Just an FYI but our West End Offices Sub-Markets Research report for Q2 is available on our website here and it covers the West End, Mayfair, St James’s, Marylebone, Noho, Soho and Covent Garden sub-markets but this month we’re talking tech investment and the big boys who have taken vast amounts of space in London over the past few years.
Record Investment (And A Weak Pound)
In the first two and a bit quarters of 2018, foreign investment in UK tech firms hit a record-high $6.7bn (£5.5bn) according to the latest numbers from the government’s Digital Economy Council.
Two interesting sub-facts emerge from the newly-released figures – first, $6.7bn surpasses the number for the whole of 2018* and second, the UK has now overtaken the USA for investment per capita.*
*Source: Sky News
In a textbook good news/bad news scenario, the record investment suggests that foreign investors are confident in the UK’s burgeoning tech sector but it also suggests that the Brexit uncertainty has weakened the pound enough to make the UK a more attractive destination – more bang for your buck.
- The $6.7bn figure is 43% higher than $4.7bn for the same period y-o-y, but…
- …50% higher in terms of GBP as the dollar has significantly strengthened
- Last year, $4.7bn bought you £3.6bn, today it buys you £3.8bn
- US and Asian investors pumped in $3.7bn, 55% of all investment
Since 2013, the UK tech sector has received twice as much funding as Germany’s and six times as much as France’s and jumping on the numbers, secretary of state for Digital, Culture, Media & Sport Nicky Morgan said ‘These fantastic figures show the confidence overseas investors have in UK tech with investment flows from the US and Asia at an all-time high.
We have a longstanding reputation for innovation and the statistics endorse our reputation as one of the best places in the world to start and grow a digital business.’
The biggest drivers of this year’s increase were renewable energy company Ovo Energy who secured a £200 million investment from Japan’s Mitsubishi Corporation who took a 20% minority stake, valuing them at a unicorn billion and Deliveroo who secured investment from Amazon.
Neither party would reveal the size of the investment but Amazon said they were leading the $575m (£450m) round which also included investment from T. Rowe Price, Fidelity Management & Research Company and Greenoaks.
Interestingly, Amazon’s investment comes off the back of the retail behemoth pulling back their own restaurant delivery operation in the UK in the face of competition from Deliveroo themselves, Just Eat and Uber Eats so perhaps they’re hedging that Deliveroo will become the VHS to Just Eat and Uber Eats’ Betamax, the food lover’s Mozart to the bitter-tasting Salieri.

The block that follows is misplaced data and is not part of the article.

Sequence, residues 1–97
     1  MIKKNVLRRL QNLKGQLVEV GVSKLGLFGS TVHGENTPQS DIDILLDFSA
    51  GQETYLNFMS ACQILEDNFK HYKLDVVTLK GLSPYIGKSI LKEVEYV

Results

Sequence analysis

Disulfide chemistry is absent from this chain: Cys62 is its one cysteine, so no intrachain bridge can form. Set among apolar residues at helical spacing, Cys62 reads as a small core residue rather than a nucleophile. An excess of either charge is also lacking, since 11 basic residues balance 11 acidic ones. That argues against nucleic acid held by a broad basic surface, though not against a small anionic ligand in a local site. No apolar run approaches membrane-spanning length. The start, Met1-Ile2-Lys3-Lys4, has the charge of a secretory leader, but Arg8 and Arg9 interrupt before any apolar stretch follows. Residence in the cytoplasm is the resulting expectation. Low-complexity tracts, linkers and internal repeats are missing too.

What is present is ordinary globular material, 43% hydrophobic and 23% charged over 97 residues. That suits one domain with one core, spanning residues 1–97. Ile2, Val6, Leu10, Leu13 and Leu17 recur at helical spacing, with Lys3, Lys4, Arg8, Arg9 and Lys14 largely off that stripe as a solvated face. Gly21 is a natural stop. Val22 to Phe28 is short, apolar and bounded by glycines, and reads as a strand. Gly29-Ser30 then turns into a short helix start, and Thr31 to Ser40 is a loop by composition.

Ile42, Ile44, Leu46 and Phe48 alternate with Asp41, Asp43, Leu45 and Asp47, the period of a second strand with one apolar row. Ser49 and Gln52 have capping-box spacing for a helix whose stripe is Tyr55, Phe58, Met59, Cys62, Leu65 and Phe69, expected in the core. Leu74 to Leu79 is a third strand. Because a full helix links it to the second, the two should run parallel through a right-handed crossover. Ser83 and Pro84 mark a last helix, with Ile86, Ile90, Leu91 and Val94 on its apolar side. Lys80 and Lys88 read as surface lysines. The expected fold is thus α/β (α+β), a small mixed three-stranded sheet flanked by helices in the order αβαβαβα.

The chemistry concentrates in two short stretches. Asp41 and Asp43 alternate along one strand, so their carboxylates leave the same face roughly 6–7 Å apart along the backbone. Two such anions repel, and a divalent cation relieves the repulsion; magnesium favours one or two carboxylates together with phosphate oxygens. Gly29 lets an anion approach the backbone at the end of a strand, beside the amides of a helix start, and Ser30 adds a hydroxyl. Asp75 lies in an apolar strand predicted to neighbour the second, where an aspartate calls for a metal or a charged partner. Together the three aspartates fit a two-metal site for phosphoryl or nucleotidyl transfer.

Where Are They All Going?
‘Move over Silicon Roundabout’ says wired.com’s Will Bedingfield, ‘London’s new tech destination is King’s Cross.’
The massive redevelopment of King’s Cross has attracted some of the world’s biggest tech firms including Google who are building their new ‘landscraper’ London HQ. Designed by Bjarke Ingel Group and Heatherwick Studio, will be longer than The Shard is tall at 312 metres, and will be equipped with a wellness centre, plenty of bike parking and a roof garden planted with gooseberry and sage. Naturally.
Not to be outdone, Facebook’s 2018 deal is for 613,500 square feet across three sites and there’s more. Much more. Both the world’s biggest tech players and the pretenders to the throne have set up shop in King’s Cross, turning it from a legacy dive into one of the city’s most influential and desirable areas with average rents* for Grade A space hovering around the £80 per square foot mark.
Here are some of the companies and organisations making a mark in King’s Cross, literally and metaphorically…
Pavegen – founded in 2009, they convert footsteps into energy. Tread on their specially-designed slabs and you convert that energy into small amounts of electrical power. They hope their smart flooring will be able to power street lighting.
Expedia Group – Owners of Trivago, hotels.com and CheapTickets amongst others, they have set up their London HQ in King’s Cross.
Balderton Capital – the VC responsible in part for LoveFilm and Kobalt Music Group.
The British Library – the UK’s national library, home to somewhere between 170 and 200 million items.
The Francis Crick Institute – The largest biomedical research institute in Europe home to over 1,500 scientists and staff.
The Alan Turing Institute – The national institute for data science and AI.
Universal Music – Moved to King’s Cross from Kensington in 2018.
DeepMind – Alphabet-owned AI company. It plans to move into its new 11-storey headquarters in 2020. In the words of Demis Hassabis, CEO and co-founder, the building is designed ‘to help foster energy, contemplation and collaboration – ingredients required for pioneering scientific research.’
Dazzle – The travel tech start-up has developed a social messaging platform for rail, bus, metro and airlines. It enables passengers to plan, book and manage digital tickets via voice and text channels while adding on additions like parking, coffees, hotels and entertainment.
Samsung KX LDN – Samsung announced its 20,500 square feet showcase space last year. Situated in Coal Drops Yard, they will host large events and consumer care services in the space.
Toyota Connected – The European start-up office for connected mobility services. Toyota Connected uses data science and predictive intelligence to improve mobility around Europe.
To read the full story about the regeneration project that has breathed new life into a neglected area, click here.
Who’s next? Watch this space.
Talking of space, if you have a property enquiry we can help you with, contact us today on 020 7629 1088 or email@example.com.